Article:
Root meristem oxygen uptake, root tip extension rate, and specific growth rate are assessed as a function of dissolved oxygen level for three transformed root cultures. The influence of hydrodynamic boundary layer was considered for all measurements to permit correlation of oxygen-dependent kinetics with the concentration of oxygen at the surface of the root meristem. Oxygen uptake rate is shown to be saturated at ambient conditions, and a saturation level of approximately 300 μmole O2/(cm3 tissue· hr) was observed for all three of these morphologically diverse root types. In nearly all cases, the observation of a minimum oxygen pressure, below which respiration, extension, or root growth would not occur, could be accounted for as a boundary layer mass transfer resistance. The critical oxygen pressure below which respiration declines is below saturated ambient oxygen conditions. In contrast, critical oxygen pressures for root tip extension were much higher; extension was nearly linear for the two thicker root types (Hyoscyamus muticus, henbain; Solanum tuberosum, potato) above ambient oxygen levels. The performance of the thinnest root, Brassica juncea (Indian mustard) was consistent with reduced internal limitations for oxygen transport. Extension rates did not correlate with biomass accumulation. The fastest growing henbain culture (μ = 0.44 day-1) displayed the slowest extension rate (0.16 mm/hr), and the slowest growing mustard culture (μ = 0.22 day-1) had the fastest tip extension rate (0.3 mm/hr). This apparent paradox is explained in terms of root branching patterns, where the root branching ratio is shown to be dependent upon the oxygen-limited mersitem extension rate. The implications of these observations on the performance of root culture in bioreactors is discussed.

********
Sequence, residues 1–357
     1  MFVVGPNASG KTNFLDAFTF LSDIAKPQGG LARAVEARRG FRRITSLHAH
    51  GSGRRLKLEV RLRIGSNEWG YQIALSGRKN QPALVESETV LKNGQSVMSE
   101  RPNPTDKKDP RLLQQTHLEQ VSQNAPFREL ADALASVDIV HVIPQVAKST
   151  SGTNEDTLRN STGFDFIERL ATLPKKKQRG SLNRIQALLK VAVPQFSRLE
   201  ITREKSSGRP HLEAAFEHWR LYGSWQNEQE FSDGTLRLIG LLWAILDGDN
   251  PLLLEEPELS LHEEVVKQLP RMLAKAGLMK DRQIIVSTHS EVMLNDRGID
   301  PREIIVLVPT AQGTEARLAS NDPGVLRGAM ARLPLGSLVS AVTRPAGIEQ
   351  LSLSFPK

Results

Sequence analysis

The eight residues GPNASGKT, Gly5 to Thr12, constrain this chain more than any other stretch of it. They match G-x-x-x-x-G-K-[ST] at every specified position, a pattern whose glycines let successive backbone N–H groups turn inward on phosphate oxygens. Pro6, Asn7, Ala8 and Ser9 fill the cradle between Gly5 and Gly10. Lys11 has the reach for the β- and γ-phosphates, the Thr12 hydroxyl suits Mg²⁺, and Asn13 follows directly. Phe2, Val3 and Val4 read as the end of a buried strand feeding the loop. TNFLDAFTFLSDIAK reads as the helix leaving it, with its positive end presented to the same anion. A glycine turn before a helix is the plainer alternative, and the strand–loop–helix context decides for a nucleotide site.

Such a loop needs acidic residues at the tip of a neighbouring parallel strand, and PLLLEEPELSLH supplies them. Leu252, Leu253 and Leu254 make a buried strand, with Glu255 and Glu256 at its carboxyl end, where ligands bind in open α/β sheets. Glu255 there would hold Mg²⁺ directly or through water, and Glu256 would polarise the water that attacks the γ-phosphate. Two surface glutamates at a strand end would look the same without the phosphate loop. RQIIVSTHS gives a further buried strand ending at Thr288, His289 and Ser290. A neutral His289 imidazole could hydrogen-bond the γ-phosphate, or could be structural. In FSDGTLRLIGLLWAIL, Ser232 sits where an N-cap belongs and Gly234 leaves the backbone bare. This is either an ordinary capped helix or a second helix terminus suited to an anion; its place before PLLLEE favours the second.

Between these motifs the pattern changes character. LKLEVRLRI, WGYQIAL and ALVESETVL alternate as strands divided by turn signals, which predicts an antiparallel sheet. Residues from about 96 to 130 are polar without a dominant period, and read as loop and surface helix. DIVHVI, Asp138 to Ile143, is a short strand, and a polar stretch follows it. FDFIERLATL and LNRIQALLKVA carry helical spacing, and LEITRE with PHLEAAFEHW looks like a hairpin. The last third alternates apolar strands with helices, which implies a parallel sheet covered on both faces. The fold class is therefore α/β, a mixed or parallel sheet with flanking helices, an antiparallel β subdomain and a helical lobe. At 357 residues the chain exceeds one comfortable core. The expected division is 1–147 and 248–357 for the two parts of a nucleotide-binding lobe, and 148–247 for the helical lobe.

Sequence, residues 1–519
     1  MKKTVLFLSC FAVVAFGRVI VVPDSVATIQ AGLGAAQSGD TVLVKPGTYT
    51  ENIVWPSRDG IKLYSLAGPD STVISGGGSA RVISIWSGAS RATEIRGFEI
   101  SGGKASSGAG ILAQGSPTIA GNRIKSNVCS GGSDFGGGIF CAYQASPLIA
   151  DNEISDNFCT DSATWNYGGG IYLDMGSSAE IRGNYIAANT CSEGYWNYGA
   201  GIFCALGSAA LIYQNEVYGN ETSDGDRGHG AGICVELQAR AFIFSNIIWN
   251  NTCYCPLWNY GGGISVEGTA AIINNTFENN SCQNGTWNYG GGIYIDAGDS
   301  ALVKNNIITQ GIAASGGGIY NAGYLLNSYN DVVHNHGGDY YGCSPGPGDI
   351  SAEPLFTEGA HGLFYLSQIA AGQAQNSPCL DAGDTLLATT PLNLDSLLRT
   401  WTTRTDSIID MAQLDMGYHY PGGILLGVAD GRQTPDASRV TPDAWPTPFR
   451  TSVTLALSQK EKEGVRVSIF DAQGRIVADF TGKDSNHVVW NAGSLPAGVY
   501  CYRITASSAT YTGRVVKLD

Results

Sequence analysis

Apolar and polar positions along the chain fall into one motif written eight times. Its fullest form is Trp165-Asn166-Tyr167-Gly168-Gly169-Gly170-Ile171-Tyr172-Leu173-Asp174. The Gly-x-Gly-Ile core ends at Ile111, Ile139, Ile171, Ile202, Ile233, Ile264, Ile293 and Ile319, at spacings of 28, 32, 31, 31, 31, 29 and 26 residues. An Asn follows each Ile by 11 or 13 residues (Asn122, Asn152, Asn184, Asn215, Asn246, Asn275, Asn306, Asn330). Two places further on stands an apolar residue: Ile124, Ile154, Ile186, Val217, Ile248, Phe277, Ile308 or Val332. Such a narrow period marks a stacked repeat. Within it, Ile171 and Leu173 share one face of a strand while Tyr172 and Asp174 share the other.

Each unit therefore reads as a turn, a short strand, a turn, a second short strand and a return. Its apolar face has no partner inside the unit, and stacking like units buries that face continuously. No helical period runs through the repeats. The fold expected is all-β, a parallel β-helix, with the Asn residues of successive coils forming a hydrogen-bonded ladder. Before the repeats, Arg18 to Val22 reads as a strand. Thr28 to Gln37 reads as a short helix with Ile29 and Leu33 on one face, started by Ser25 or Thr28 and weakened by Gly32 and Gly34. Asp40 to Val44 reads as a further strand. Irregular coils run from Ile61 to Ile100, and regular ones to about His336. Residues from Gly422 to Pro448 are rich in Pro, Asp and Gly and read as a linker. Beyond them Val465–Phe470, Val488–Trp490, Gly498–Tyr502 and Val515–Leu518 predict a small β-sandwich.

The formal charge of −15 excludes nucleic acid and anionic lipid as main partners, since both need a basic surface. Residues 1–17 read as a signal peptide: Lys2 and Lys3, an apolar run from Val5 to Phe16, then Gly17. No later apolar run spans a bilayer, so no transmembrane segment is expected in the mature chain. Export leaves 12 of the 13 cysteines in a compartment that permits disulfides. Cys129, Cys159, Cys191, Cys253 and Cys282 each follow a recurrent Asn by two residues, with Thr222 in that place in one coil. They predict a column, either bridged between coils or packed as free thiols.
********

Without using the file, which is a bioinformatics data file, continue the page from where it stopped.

All Science Journal Classification (ASJC) codes